It's not news that sitting all day isn't good for you. Here on Inc.com we've covered studies showing that a sedentary office life can take a terrifying toll on your health (even if you hit the gym regularly, unfortunately), as well as surprising research showing sitting might actually also make you dumber too.

But if all that hasn't already convinced you, yet more new science offers fresh reasons to get off your butt more often--apparently, sitting for long periods can also impact your mental health.

Can sitting make you depressed?

The study, led by University of Tasmania researcher Michelle Kilpatrick and published in Mental Health and Physical Activity, looked at the daily habits of 3,367 government employees, evaluating them for both symptoms of anxiety and depression and their level of physical activity. The team "found that there was a significant relationship between rates of psychological distress and sitting. Employees who reported sitting for longer than 6 hours per day had increased prevalence of moderate symptoms of anxiety and depression relative to those who reported sitting for less than 3 hours a day."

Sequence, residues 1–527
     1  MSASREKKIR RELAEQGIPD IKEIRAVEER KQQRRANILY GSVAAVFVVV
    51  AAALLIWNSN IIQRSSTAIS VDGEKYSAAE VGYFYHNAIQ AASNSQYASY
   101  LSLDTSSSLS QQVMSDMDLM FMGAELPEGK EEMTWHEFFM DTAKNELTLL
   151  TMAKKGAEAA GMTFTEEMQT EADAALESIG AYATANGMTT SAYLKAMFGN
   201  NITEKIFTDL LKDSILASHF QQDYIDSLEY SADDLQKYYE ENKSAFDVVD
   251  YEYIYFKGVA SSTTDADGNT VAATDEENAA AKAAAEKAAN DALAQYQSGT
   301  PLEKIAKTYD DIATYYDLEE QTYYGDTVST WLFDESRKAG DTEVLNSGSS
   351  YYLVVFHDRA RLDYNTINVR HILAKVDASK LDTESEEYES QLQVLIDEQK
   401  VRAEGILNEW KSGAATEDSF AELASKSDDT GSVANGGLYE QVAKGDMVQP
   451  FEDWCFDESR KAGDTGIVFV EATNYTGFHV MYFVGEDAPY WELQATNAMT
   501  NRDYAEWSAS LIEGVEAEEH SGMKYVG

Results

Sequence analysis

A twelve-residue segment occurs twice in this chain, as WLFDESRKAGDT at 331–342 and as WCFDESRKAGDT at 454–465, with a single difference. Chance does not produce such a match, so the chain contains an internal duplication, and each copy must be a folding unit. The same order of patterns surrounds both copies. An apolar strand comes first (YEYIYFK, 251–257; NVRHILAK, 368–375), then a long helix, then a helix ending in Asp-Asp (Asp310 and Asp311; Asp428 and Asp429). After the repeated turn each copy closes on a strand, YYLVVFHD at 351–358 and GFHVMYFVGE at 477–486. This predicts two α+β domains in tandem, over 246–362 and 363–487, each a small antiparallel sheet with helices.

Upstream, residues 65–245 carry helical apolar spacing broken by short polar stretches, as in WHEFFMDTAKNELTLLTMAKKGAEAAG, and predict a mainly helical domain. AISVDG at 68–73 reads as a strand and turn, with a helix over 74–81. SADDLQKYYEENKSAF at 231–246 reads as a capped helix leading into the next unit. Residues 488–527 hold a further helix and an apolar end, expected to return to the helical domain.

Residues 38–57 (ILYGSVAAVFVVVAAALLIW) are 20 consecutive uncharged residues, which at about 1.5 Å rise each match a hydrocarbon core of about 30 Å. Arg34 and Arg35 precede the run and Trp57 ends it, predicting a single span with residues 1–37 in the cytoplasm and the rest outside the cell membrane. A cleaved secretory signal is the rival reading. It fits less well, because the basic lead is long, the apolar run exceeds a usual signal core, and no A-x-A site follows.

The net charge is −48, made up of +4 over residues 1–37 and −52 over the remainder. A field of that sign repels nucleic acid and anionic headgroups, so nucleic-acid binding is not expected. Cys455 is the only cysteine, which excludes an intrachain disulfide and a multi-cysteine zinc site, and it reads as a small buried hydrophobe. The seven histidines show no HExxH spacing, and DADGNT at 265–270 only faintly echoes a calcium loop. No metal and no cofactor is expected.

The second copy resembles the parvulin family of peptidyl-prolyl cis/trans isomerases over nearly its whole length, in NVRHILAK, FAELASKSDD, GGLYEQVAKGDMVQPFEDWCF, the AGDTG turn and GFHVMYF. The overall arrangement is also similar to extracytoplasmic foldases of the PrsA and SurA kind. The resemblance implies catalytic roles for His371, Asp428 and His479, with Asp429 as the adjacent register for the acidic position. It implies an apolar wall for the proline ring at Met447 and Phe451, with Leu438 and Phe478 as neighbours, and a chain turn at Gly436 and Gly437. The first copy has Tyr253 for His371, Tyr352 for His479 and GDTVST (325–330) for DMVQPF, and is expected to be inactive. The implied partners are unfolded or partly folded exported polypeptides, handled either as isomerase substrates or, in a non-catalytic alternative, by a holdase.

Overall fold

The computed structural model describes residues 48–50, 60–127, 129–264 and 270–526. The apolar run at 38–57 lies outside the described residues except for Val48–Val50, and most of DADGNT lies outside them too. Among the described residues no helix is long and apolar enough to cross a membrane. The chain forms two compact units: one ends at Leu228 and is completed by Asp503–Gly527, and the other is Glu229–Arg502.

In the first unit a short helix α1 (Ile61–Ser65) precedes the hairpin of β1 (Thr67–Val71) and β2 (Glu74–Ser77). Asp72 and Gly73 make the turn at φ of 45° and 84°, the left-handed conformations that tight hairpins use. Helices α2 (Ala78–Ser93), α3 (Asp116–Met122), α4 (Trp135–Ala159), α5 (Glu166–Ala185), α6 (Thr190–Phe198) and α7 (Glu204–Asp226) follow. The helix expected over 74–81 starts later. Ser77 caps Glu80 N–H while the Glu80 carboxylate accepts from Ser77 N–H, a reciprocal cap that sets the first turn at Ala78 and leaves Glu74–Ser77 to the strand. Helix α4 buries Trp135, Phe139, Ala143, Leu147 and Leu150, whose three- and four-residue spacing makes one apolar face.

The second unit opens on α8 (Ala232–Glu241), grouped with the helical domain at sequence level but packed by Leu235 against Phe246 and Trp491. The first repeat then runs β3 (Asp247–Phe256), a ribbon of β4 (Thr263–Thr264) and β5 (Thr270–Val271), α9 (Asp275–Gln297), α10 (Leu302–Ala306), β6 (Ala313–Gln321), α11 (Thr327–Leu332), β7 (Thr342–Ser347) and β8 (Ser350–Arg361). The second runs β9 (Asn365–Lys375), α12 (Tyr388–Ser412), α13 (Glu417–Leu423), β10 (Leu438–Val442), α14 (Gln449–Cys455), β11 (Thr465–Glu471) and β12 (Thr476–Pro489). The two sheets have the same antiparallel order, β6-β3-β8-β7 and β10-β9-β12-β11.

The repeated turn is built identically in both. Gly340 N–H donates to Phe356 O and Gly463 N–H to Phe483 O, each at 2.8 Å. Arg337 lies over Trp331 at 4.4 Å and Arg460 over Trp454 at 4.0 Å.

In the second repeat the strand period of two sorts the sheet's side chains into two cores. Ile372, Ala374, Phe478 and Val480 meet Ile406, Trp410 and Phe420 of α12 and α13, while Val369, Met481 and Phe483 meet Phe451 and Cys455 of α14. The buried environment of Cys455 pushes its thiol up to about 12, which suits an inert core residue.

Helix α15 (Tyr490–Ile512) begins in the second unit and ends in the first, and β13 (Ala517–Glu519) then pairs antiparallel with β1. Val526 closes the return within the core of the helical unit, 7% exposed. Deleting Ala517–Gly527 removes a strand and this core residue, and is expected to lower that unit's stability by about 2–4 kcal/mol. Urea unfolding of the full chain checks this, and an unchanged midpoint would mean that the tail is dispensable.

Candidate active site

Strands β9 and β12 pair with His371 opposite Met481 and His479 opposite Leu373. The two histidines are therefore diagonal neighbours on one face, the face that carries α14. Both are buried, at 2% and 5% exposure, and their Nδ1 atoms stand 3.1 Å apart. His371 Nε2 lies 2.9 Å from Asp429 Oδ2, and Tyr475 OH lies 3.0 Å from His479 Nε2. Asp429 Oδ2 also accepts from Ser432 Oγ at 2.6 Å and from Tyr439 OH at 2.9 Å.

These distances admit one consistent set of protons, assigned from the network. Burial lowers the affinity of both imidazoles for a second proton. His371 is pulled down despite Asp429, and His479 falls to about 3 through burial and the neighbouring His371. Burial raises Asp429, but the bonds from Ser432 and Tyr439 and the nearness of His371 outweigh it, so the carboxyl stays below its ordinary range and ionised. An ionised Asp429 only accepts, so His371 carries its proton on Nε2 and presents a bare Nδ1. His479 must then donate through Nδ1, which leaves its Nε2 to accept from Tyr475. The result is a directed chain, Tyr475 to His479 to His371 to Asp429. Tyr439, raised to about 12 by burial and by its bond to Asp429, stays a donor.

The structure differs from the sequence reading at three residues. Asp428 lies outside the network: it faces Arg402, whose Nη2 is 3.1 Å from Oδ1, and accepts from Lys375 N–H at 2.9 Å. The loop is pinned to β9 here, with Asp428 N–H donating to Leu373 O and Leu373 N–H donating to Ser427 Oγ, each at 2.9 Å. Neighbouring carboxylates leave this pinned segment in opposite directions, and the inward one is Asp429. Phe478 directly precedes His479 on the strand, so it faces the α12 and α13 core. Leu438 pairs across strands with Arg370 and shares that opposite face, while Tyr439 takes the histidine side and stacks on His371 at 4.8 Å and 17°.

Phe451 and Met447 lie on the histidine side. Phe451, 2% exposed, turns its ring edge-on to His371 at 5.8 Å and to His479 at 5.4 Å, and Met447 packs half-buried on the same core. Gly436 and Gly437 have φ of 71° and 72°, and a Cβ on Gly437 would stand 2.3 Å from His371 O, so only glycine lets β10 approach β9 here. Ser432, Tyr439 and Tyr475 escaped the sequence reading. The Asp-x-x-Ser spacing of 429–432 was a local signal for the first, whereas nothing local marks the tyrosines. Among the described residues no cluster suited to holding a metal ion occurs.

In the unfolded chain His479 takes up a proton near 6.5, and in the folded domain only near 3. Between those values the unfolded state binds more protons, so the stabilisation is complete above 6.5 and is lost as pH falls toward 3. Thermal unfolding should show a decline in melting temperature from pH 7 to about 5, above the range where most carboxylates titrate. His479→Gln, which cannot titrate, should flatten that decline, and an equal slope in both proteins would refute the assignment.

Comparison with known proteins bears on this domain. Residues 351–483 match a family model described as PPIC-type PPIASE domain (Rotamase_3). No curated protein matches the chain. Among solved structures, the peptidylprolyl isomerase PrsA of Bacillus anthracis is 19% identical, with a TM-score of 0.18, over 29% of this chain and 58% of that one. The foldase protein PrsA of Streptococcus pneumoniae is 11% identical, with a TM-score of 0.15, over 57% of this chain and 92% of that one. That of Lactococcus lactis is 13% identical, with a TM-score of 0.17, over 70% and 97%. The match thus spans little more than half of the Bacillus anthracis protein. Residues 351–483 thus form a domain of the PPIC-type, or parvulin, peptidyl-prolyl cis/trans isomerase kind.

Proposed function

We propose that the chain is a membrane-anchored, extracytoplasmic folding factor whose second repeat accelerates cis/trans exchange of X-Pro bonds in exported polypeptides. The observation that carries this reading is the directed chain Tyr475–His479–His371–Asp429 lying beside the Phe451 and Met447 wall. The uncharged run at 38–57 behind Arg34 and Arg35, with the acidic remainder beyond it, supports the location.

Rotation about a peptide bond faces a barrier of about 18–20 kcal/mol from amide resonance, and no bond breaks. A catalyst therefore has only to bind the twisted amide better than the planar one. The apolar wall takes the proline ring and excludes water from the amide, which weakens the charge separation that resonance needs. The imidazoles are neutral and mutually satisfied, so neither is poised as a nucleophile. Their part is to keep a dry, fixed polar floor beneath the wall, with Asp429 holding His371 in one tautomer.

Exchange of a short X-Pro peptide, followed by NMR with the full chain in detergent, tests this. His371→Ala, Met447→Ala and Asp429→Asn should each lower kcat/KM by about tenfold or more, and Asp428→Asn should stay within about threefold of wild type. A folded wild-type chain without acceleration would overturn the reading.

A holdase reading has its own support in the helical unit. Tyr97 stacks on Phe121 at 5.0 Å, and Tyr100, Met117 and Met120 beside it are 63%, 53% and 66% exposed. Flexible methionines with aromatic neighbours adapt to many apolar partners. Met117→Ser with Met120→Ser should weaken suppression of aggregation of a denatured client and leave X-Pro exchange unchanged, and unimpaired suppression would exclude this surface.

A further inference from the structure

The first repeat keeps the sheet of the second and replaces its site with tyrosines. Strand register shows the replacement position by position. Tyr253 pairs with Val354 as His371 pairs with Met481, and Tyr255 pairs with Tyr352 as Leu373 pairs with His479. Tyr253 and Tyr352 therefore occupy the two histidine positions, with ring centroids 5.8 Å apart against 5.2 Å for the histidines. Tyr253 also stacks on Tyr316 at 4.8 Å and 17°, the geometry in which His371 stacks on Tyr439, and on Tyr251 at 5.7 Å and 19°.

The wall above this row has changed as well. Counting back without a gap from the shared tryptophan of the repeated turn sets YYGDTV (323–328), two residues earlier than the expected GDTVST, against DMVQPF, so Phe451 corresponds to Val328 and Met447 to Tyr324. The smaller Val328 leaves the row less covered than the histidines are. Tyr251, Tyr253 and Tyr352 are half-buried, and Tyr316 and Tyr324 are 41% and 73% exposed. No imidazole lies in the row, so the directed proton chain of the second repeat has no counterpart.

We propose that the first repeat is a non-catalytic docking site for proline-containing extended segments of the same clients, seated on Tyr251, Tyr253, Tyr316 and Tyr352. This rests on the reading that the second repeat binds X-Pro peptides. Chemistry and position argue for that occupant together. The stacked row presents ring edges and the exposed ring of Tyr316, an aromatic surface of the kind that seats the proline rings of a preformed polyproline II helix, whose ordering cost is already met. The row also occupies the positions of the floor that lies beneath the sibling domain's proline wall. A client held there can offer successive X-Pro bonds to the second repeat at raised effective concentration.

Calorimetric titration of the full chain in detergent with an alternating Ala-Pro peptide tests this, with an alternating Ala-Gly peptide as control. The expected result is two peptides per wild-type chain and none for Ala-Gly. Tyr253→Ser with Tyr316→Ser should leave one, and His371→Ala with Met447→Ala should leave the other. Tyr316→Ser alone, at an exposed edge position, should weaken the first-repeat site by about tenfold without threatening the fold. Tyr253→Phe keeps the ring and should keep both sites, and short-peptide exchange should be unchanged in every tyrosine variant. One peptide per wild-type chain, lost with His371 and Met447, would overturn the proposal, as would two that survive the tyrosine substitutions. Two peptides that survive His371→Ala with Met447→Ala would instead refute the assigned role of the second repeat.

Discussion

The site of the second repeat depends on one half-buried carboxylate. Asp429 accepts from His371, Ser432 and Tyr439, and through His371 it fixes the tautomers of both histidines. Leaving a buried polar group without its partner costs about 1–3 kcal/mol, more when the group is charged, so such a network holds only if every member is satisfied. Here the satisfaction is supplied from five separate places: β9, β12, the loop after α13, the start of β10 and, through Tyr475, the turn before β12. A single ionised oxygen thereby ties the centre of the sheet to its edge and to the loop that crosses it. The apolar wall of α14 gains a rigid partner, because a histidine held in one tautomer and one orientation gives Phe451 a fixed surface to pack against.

Interestingly, women appeared to be worse affected by inactivity than men. Kilpatrick's team speculate that women may simply have a higher baseline level of mental health stressors. "Since men and women in our sample reported similar estimations of work stress, unmeasured factors such as work-family conflict and incorporation of work and parenting roles could be differentially affecting women," they wrote.

What's the cure?

Like the detrimental physical effects of sitting, the mental health consequences of so much time spent on your butt cannot be relieved just by joining a gym, according to the study. So what can you do if you want to inoculate yourself against the mental toll of spending all day in a chair? This particular bit of research doesn't say, but if what holds true for the body also holds true for the mind, previous studies offer a simple suggestion.

You could invest in a standing desk, of course, but if that's really not your style, there may be an even simpler fix. Earlier research shows that walking as little as five minutes a few times a day can reverse the negative physical consequences of desk-bound life. (For added mental health benefits do those walks outside in nature.)

Do these study results surprise you or just confirm your existing fears about your lifestyle?

Published on: Jan 9, 2015
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